But things have gotten a little more reasonable since then. Today, the high is only supposed to reach 70 degrees, which suits me much better. I actually put on two layers this morning.
I don't have a fireplace at the moment, and frankly it would be ridiculous to have one in a place that never drops below 50 degrees . . . but with the change in the weather, I've been sort of day-dreaming about cold weather and the kinds of books that are best read lounging near the hearth.
Now, any good book is suitable to be read at just about any time, but I'd offer that books incline towards the seasonal. I'd suggest that beach vacations are ideal for something fast-paced, light, or consistently and immediately gripping. Reading in front of the fire, by contrast, is particularly great for books that you'd have a hard time getting through at other times. It's a time for plunging deep into a book, savoring it, and even enjoying the languid or desultory qualities that make it harder to fit in during the normal pace of life. I'm thinking that poetry probably fits best here, too.
To start with, here are the books I've reviewed so far that I think might be especially suited for cold-weather, hunker-down sorts of reading. You'll note that I'm not discriminating based on their recommendation score (Except for Wizard's First Rule and Eragon; I just. couldn't. do it.):
The Sword of Shannara, Terry Brooks.
The Eye of the World, Robert Jordan
The Fellowship of the Ring, J. R. R. Tolkien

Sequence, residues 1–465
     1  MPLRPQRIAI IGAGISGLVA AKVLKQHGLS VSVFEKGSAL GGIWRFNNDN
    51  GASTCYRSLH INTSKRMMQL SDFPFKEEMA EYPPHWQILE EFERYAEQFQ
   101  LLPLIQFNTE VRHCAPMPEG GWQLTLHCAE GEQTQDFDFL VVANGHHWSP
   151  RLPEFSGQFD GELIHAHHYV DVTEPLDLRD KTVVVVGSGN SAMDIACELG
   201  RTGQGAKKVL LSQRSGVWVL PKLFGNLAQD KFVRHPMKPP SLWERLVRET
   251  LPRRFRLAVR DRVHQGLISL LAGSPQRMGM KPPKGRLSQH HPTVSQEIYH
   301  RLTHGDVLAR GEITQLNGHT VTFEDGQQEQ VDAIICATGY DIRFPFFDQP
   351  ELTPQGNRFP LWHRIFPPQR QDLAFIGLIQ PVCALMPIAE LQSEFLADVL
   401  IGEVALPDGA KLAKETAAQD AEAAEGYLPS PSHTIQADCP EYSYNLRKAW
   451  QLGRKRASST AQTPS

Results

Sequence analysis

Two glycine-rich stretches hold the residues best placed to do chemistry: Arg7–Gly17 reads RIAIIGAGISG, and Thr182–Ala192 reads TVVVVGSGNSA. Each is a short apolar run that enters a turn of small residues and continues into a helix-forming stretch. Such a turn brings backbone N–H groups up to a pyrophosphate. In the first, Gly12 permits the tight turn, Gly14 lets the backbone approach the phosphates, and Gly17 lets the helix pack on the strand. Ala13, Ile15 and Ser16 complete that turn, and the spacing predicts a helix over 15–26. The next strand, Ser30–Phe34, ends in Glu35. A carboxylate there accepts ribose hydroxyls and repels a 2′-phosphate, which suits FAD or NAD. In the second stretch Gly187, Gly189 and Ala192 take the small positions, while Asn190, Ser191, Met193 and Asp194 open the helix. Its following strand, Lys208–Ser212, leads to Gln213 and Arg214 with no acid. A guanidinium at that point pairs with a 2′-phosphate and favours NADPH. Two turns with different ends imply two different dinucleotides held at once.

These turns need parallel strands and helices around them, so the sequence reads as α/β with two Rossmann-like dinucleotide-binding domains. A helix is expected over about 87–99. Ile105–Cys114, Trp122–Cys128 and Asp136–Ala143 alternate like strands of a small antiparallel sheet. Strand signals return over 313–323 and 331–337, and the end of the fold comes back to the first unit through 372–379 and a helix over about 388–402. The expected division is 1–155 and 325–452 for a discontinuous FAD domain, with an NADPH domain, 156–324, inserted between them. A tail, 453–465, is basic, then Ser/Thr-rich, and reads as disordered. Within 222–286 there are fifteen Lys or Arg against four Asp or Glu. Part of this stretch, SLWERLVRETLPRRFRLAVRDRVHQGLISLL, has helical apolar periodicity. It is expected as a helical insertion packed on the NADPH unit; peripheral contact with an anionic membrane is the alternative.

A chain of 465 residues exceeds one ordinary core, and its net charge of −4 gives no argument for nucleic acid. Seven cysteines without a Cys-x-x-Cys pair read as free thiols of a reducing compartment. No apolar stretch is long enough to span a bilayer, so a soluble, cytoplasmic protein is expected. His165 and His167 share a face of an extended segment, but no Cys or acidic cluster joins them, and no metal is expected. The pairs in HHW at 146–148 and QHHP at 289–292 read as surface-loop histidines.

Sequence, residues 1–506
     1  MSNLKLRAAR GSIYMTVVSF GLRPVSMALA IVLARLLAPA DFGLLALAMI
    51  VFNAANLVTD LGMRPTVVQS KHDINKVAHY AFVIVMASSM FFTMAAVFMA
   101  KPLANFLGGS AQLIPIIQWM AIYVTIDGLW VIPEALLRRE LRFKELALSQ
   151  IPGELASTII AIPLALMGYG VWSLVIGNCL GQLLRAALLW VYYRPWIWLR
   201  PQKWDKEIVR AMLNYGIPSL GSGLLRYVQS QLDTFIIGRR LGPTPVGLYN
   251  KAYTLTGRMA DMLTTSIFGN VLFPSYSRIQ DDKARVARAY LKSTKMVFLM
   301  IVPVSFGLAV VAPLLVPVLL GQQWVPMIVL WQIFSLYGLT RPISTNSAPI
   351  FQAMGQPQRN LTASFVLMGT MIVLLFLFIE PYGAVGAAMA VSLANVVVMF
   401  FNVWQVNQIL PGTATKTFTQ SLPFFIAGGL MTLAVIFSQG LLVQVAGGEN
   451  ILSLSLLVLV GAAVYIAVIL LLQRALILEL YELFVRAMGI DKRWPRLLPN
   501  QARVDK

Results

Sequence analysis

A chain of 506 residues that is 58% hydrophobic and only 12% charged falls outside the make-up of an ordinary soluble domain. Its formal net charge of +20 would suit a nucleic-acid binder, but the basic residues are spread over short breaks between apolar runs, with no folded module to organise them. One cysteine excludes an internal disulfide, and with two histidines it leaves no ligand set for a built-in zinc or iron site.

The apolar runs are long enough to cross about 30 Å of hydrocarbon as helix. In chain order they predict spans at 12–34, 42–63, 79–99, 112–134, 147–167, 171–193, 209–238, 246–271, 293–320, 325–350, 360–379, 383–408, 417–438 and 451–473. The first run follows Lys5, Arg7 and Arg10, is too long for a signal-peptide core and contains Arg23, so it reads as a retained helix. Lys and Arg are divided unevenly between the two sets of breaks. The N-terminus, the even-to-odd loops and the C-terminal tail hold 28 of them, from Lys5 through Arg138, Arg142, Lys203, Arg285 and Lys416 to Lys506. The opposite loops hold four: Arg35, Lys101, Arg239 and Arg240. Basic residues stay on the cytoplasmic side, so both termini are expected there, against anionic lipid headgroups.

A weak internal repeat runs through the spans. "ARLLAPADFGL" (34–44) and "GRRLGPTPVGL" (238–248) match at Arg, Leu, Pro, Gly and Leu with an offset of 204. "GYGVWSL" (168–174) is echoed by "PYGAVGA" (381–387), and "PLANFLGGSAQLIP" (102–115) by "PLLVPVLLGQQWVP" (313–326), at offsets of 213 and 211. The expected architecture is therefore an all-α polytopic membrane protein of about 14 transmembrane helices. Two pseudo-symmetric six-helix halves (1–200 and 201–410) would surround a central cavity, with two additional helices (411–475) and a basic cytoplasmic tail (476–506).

A Game of Thrones, George R. R. Martin
The Once and Future King, T. H. White
Harry Potter and the Sorcerer's Stone, J. K. Rowling
Never Let Me Go, Kazuo Ishiguro
Twilight, Stephenie Meyer
You'll note that these are heavily weighted towards epic fantasy novels; there's just something about magic and castles and dragons that fits when you've got a fire blazing in front of you and snow blowing past the windows outside.
Never Let Me Go is hardly a hefty tome, but there's just something about it that evokes something chilly, whether it's the subject matter or the English setting. And while Twilight is not one of my favorite novels, I'd say it also benefits from reasonably descriptive prose regarding the cold, rainy Washington weather.
I almost suggested Red Mars and 2312 by Kim Stanley Robinson for the list, since they're such beasts to get through, but ultimately decided that they aren't actually all that suited (in my opinion) for multi-hundred page reading chunks. They're fascinating and intelligent, but I don't think they require the sort of immersive, forget-about-the-world quality that these others have.
I'd also suggest A. S. Byatt's Possession, Milton's Paradise Lost, Beowulf, Susan Cooper's The Dark is Rising sequence, Asimov's Foundation series, Richard Adam's Watership Down or Shardik, and Frank Herbert's Dune. Dune might seem a funny choice, but it certainly takes some effort to get through, and I think there can be something interesting about trying the contrast of a desert world with cold-weather reading.
Do you think there are books best suited for certain seasons? Which ones would you choose to fit the dropping temperature?